Solar radiation is measured atop the meteorological mast at the shore
laboratory using an Eppley Model PSP (Precision Spectral Pyranometer).
Approximately 99% of solar, or short-wave, radiation at the earth's
surface is contained in the region from 0.3 to 3.0 Ám, which corresponds
to wavelength between the ultraviolet and near infrared. Above the
earth's atmosphere, solar radiation has an intensity of approximately
1380 watts per square meter (W/m2). This value is known as the Solar
Constant. At our latitude, the value at the surface is approximately
1000 W/m2 on a clear day at solar noon in the summer months. The
difference between this value and the Solar Constant is due to
transmission loss to the atmosphere. The clear sky value is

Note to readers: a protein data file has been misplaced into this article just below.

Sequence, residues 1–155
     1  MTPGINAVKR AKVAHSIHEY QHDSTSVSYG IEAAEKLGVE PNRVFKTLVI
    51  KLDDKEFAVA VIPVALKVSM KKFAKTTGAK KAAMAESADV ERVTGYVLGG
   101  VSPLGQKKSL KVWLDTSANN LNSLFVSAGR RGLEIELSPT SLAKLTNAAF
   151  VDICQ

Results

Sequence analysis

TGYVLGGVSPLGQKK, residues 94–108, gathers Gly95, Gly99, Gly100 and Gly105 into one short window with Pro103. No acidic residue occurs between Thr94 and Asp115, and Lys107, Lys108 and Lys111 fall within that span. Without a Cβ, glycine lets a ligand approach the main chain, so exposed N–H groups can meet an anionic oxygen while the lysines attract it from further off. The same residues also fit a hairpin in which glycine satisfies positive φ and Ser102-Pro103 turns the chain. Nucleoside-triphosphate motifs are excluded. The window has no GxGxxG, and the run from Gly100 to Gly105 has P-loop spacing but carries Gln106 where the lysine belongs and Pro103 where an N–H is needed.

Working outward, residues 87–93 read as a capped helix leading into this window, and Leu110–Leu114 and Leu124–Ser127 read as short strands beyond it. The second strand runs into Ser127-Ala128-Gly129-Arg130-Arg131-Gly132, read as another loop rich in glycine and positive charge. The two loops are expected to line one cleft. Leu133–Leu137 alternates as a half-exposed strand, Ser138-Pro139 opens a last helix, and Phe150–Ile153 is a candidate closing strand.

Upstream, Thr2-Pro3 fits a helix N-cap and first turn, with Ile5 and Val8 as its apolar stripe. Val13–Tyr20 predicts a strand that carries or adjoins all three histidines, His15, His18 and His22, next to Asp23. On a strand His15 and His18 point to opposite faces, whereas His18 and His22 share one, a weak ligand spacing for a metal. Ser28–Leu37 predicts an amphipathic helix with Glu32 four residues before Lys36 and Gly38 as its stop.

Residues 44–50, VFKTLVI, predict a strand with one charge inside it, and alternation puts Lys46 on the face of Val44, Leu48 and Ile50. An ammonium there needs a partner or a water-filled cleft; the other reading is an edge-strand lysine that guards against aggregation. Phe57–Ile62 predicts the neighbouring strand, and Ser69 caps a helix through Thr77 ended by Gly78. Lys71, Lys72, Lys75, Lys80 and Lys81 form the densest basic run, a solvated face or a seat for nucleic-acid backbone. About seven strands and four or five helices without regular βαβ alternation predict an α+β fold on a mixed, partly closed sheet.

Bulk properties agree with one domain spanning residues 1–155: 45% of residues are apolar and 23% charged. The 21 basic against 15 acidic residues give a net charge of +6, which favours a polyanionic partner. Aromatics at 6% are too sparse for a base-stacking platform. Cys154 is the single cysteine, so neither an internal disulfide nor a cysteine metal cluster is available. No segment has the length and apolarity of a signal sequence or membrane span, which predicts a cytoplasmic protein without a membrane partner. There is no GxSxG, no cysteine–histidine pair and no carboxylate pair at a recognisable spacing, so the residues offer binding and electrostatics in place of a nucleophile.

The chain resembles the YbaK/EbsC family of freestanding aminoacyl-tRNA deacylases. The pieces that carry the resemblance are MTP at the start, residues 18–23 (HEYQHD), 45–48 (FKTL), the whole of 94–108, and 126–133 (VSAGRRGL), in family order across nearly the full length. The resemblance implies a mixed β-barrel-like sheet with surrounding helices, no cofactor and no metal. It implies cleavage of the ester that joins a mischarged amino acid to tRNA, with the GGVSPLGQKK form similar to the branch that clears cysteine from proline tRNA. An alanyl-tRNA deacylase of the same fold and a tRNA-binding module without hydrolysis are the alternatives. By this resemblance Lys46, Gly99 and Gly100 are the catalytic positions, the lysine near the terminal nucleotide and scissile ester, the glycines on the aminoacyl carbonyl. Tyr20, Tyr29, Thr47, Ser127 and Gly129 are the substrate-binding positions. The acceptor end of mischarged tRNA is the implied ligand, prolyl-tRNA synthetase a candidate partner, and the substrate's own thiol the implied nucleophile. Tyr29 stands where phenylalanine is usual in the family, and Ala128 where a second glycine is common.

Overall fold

considerable less in the winter. Clouds can dramatically reduce this
value by reflecting the solar radiation back out to space.
The PSP senses this radiation with a thermopile that produces a
millivolt signal that is directly proportional to the downwelling solar
irradiance. The PSP uses a glass dome that uniformly transits radiation
between 0.285 and 2.8 Ám. A calibration constant is applied to provide
the total solar irradiance in watts per square meter.